General Motors to Cease Production of Chevy Volt Plug-In

by David Mowatt
Chevy Volt Plug-in

As part of a massive plan to cut costs, General Motors has announced that they will be closing a number of factories around the U.S. and Canada and will be discontinuing multiple passenger vehicles, including the Chevy Volt plug-in.

On Monday, General Motors reported that they intend to end production at their Lordstown Assembly plant in northeast Ohio; their Detroit-Hamtramck Assembly plant in southeast Michigan; their Oshawa Assembly plant in Ontario; their Baltimore Operations parts plant; and their Warren Transmission Operations plant in southeast Michigan by the end of 2019. In addition to closing down the factories, General Motors intends to cut 15 percent of their salaried workforce, estimating that 14,000 factory workers and white-collar employees will stand to lose their jobs.

Debbie Dingell, Detroit’s Democratic Party representative, expressed concern over General Motors’ recent announcements, stating:

“This is a warning and we all must be concerned about protecting jobs and keeping them in this country. I care deeply about working families hearing this news right now. If we want our auto industry to continue to be the global leader in transforming mobility, federal policy must ensure we keep them at the forefront of innovation and technology. Congress must work together on bipartisan policies that keep manufacturing jobs in this country, develops clean energy, and supports infrastructure to transform our mobility future.”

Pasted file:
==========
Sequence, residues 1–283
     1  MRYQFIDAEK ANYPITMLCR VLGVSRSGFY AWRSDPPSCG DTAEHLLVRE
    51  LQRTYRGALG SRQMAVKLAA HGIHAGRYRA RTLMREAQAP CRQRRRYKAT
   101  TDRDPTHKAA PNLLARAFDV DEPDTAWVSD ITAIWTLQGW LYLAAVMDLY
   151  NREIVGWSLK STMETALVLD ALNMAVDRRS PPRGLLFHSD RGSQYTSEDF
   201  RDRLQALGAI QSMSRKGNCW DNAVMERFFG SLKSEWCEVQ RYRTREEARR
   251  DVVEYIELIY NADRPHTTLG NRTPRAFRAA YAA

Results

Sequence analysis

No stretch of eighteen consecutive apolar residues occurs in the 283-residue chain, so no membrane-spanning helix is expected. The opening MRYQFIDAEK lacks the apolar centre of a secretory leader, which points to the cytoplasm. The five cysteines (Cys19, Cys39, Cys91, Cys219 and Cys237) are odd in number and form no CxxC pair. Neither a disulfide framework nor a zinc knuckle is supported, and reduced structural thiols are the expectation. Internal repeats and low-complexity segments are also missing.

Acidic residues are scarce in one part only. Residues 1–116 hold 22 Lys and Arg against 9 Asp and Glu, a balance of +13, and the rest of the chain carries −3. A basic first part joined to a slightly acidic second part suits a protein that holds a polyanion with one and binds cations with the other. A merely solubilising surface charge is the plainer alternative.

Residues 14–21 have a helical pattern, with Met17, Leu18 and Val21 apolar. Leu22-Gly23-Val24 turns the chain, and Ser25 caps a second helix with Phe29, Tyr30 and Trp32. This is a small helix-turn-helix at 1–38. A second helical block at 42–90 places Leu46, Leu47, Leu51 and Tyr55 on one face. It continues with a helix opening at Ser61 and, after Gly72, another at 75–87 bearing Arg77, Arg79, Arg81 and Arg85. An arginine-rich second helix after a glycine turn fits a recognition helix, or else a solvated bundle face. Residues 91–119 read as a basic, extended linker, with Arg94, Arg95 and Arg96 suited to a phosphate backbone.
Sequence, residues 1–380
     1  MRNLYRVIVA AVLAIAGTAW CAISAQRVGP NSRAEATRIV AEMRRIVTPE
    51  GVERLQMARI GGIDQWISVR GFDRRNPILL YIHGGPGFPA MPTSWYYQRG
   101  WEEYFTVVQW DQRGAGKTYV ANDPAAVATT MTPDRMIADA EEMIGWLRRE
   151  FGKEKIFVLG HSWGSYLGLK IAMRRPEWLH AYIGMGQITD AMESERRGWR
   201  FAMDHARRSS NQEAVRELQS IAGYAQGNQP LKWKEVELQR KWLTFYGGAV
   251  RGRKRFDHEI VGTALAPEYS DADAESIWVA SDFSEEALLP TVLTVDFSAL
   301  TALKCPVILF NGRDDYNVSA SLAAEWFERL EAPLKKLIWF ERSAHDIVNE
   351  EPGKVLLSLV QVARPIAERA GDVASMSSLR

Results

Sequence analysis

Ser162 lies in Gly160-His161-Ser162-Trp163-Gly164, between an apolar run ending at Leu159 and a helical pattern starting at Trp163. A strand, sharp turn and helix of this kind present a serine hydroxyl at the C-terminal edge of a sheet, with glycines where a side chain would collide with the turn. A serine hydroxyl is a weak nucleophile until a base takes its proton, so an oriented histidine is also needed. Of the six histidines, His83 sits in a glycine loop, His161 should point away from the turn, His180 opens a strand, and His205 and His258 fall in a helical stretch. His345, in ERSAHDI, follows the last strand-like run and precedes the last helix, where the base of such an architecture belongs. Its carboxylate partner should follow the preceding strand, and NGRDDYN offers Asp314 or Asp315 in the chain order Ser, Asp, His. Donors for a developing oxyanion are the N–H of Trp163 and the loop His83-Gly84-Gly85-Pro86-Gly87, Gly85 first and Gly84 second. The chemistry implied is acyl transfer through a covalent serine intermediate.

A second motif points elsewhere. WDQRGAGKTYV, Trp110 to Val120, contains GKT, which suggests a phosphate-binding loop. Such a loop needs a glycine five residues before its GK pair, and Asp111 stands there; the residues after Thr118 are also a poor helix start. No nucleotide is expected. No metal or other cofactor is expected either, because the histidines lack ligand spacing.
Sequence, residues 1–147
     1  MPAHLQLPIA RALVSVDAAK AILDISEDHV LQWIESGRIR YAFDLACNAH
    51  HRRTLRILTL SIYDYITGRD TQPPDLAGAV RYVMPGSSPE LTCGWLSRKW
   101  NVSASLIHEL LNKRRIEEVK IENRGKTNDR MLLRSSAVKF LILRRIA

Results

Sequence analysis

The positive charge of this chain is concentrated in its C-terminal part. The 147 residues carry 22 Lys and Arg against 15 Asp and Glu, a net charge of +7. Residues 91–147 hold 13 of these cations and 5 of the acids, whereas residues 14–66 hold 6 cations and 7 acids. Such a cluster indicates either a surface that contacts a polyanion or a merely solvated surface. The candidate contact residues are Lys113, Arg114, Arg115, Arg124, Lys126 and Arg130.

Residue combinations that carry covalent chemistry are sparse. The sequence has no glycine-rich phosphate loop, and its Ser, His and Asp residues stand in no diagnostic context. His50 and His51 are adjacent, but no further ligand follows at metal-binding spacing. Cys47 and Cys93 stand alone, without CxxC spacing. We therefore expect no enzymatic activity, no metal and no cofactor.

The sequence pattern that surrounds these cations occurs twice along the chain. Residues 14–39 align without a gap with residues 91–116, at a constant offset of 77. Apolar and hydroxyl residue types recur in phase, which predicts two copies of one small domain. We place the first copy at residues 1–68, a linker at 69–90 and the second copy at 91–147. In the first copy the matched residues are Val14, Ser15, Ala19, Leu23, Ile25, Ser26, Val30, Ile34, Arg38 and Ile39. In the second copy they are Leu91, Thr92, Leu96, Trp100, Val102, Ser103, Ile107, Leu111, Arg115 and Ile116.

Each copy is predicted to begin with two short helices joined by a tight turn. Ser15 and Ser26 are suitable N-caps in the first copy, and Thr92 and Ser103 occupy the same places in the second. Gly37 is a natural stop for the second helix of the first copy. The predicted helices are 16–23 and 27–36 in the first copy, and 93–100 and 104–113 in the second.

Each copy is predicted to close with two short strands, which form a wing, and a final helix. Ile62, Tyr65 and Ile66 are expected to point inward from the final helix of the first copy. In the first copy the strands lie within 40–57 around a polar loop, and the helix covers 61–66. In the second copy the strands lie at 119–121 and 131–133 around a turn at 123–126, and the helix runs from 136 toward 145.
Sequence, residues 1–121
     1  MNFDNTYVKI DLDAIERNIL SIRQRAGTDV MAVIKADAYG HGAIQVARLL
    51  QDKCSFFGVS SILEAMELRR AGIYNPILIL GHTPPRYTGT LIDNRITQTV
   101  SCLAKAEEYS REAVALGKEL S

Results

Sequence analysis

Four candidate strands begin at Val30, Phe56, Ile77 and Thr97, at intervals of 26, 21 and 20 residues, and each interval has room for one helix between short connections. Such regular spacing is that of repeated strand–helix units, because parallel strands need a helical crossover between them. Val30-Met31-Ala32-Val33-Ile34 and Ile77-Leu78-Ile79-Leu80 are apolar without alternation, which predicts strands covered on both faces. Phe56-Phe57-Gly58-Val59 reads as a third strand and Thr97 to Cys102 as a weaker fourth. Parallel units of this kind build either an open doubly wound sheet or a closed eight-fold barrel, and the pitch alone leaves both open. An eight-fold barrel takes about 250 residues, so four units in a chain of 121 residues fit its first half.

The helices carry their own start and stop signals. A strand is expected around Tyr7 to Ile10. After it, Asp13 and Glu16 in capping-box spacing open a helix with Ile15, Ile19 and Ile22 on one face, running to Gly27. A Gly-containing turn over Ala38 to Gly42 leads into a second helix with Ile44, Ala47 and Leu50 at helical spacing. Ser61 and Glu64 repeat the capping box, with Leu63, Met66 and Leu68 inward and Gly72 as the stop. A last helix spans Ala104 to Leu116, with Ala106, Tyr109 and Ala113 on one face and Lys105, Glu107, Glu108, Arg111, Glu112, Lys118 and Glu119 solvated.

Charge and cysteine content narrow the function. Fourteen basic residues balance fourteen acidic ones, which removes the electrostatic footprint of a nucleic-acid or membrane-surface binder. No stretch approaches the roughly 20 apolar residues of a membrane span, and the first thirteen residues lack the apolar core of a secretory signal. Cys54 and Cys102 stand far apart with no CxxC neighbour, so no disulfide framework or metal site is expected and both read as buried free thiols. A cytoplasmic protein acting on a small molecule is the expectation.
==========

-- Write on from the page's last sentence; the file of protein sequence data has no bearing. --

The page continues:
General Motors also announced that they intend to stop the future production of several passenger vehicles, most notable of which being the Chevy Volt plug-in. Chevy spokesman Kevin Kelly confirmed that beginning in March 2019, General Motors will no longer produce the Chevy Volt plug-in, Chevy Cruze, Chevy Impala, Cadillac XTS, and Buick LaCrosse.

While the demise of the Chevy Volt plug-in may come as a shock to many die-hard electric vehicle enthusiasts, General Motors has estimated that plant restructuring and layoffs will combine to free up $6 billion for the company by 2020.

Source: USA Today

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